The fish-processing plant in the middle of downtown Wrangell, owned by Trident Seafoods, has been shuttered the last three summers. But Trident plans to reopen the plant this year, with a focus on freezing fish.
The royal blue buildings of Trident’s Wrangell plant have been quiet and lacking that distinct, fish-processing plant aroma since before the pandemic.
“We never really wanted to shut down in the first place,” says Trident area manager John Scoblic. He explains that crumpling chum and pink salmon runs pushed the company to keep the plant closed. But projections are looking rosier this year, and Trident plans to re-open the Wrangell plant.
“It’s exciting to get the Wrangell facility up and running again,” Scoblic says, “And we’re excited for our employees, our fishermen, our customers and our friendship with our community of Wrangell.”
Wrangell officials have commended the decision to reopen the plant. It’ll mean returned utility revenue to the borough from the electrical and water consumption of the plant, as well as a potential increase in shared state fisheries taxes. Plus, it’ll mean a 5% increase to the island’s population – more people eating, living and working in town.
The Alaska Department of Fish & Game projects a Southeast pink salmon harvest of between 12 and 29 million fish this year – probably around 19 million. That’s a few million more than last year, but a lower projected harvest than the gangbusters 2021 harvest of almost 50 million pinks.
Scoblic says that in addition to the better outlook for pink and chum salmon runs, Trident wants to respond to the market – and the market wants more frozen salmon. Re-opening the Wrangell facility will allow the company to produce and store more.
“We’d like to have the capacity to be able to freeze more fish,” Scoblic says, elaborating that the Wrangell plant will process: “Frozen salmon of all species but primarily pink and chum.”
Trident has had a presence in Wrangell since 2009 when it bought out the bankrupt Wrangell Seafoods company. The seafood giant operates about a dozen other plants throughout Alaska.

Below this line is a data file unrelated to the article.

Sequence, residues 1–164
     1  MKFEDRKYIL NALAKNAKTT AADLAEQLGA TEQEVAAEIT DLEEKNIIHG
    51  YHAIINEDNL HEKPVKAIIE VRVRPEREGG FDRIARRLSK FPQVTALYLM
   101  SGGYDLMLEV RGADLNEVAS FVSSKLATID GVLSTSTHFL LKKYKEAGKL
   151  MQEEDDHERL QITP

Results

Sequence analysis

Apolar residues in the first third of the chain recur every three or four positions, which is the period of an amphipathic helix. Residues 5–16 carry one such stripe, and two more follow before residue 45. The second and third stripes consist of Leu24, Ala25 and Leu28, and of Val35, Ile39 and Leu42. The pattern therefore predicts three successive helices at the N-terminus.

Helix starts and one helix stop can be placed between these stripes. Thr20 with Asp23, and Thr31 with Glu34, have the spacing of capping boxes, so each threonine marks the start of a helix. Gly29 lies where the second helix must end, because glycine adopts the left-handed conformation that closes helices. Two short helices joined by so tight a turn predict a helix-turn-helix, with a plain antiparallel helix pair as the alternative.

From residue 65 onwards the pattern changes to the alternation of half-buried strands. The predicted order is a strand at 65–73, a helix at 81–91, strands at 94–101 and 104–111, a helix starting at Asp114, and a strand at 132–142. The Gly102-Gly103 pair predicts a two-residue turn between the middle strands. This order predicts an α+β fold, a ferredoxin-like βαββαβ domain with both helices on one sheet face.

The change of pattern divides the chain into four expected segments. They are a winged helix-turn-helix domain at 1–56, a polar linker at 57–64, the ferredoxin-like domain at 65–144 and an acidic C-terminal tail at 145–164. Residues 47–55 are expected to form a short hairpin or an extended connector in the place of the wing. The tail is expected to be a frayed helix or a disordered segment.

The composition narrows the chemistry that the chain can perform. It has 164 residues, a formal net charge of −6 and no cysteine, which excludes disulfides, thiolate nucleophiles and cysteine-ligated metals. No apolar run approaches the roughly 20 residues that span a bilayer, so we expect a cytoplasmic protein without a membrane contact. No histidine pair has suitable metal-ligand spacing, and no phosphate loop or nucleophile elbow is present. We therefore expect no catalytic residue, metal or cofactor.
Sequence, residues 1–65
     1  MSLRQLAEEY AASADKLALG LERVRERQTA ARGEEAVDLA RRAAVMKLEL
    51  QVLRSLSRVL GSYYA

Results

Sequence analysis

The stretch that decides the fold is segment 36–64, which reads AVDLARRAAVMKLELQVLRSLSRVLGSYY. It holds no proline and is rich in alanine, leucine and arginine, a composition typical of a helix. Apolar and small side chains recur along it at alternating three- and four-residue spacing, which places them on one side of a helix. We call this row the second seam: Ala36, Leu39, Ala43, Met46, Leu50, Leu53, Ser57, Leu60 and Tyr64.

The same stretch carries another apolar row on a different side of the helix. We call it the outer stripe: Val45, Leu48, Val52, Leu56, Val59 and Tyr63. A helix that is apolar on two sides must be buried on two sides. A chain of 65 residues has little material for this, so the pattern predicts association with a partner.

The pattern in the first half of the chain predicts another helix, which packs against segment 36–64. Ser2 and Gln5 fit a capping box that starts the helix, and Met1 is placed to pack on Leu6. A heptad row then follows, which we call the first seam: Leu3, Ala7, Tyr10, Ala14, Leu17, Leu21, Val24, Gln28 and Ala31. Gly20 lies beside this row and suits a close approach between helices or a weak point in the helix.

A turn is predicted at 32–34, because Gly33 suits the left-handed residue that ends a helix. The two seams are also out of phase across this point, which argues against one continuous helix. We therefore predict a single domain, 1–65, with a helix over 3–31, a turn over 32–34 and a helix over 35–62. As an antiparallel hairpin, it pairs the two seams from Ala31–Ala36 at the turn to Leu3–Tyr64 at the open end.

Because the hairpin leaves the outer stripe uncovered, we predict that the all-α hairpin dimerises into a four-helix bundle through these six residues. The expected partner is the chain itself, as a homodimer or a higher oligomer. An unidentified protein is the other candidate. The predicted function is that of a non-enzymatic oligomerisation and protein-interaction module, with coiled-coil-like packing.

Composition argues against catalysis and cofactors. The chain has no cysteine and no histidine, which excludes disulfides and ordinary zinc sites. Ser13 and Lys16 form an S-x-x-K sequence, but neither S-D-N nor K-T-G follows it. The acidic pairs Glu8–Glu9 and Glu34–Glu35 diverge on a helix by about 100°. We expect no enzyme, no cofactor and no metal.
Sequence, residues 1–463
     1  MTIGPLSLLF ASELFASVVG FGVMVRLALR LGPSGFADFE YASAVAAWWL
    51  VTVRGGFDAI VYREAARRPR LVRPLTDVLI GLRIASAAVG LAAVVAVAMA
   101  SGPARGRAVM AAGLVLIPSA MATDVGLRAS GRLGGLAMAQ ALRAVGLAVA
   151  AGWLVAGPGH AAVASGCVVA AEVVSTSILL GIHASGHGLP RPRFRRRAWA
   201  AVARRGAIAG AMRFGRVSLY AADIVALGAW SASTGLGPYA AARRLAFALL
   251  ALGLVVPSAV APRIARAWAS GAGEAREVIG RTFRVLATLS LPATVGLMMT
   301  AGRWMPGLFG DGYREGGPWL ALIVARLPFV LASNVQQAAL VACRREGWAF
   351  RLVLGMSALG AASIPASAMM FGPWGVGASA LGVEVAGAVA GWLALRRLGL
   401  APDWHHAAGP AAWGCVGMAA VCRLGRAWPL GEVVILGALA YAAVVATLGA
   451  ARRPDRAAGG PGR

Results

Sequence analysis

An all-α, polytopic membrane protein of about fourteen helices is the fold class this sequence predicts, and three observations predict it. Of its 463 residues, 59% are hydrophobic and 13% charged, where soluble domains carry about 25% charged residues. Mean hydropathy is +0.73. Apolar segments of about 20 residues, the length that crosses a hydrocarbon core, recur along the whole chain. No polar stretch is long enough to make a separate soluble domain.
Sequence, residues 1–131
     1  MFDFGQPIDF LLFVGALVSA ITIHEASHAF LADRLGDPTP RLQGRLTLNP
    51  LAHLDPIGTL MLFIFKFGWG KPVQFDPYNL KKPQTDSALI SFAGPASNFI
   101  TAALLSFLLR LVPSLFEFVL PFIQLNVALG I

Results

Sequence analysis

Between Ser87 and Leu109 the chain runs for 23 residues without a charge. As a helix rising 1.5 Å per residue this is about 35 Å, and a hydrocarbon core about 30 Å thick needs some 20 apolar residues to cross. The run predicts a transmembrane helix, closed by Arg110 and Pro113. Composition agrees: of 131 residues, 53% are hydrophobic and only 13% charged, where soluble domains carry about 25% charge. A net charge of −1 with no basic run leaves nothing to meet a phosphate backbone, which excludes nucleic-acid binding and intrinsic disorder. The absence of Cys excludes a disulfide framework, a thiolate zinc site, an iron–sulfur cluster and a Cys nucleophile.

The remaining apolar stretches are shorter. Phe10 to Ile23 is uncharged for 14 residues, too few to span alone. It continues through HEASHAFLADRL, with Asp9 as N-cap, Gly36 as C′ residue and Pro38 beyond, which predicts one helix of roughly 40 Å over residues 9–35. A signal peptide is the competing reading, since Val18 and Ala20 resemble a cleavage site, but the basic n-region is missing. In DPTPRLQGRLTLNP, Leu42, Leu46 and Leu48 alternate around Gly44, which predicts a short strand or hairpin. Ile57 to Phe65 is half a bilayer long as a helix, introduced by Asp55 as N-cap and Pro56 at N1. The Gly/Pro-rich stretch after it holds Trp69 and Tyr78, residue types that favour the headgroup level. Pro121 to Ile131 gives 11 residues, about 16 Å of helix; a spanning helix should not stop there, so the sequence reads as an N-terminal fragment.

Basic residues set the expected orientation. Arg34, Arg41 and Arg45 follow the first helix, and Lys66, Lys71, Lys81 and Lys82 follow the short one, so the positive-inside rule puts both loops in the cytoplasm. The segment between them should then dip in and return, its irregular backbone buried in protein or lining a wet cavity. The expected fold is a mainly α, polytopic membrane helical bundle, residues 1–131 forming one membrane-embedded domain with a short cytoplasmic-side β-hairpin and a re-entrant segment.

While the Wrangell plant was closed, Trident still bought fish in the area and tendered the catch to nearby plants in Petersburg and Ketchikan.
During the early pandemic, Trident’s empty bunkhouses were rented out as isolation sites by the city government, but were never used. The Alaska Crossings wilderness behavioral therapy program also housed out-of-town guides in Trident’s bunkhouses before the program shut down in early 2022.
Scoblic says Trident hopes to get workers in to start the process of reopening the plant by the end of the month.
“It’s always a big job to get a plant up and running,” Scoblic says, “But with it being fallow for a few years, there’s going to be some extra repair and maintenance and as some small capital improvement projects that we’ll need to take on: some roofs and floors, [a] little dock work, [a] little refrigeration work.”
He says he expects the maintenance work to last until the plant opens in the middle of July. The plan is to operate through August. That’ll include fleet services that have been missing from the Trident docks since 2019.
“We’re going to buy fish and dispense ice, and we’ll do some gear storage and what other things we need to do to support the fleet to have a successful season,” he says.
Trident is in the recruiting process for plant workers, but Scoblic anticipates needing between 125-135 people to run the plant for one long shift. The reopening likely won’t push the plant’s full processing capacity, though, which Trident’s website states is up to 750,000 pounds of fish per day.
Wrangell’s other, smaller fish processing plant has kept on processing through the last three years. The plant – located about a mile outside of town – is owned by Oregon-based Pacific Seafood, and isn’t solely focused on salmon like Trident. Its season usually runs from mid-March through the end of October, processing halibut, black cod and rockfish in the early season, and transitioning to crab and salmon through early fall.
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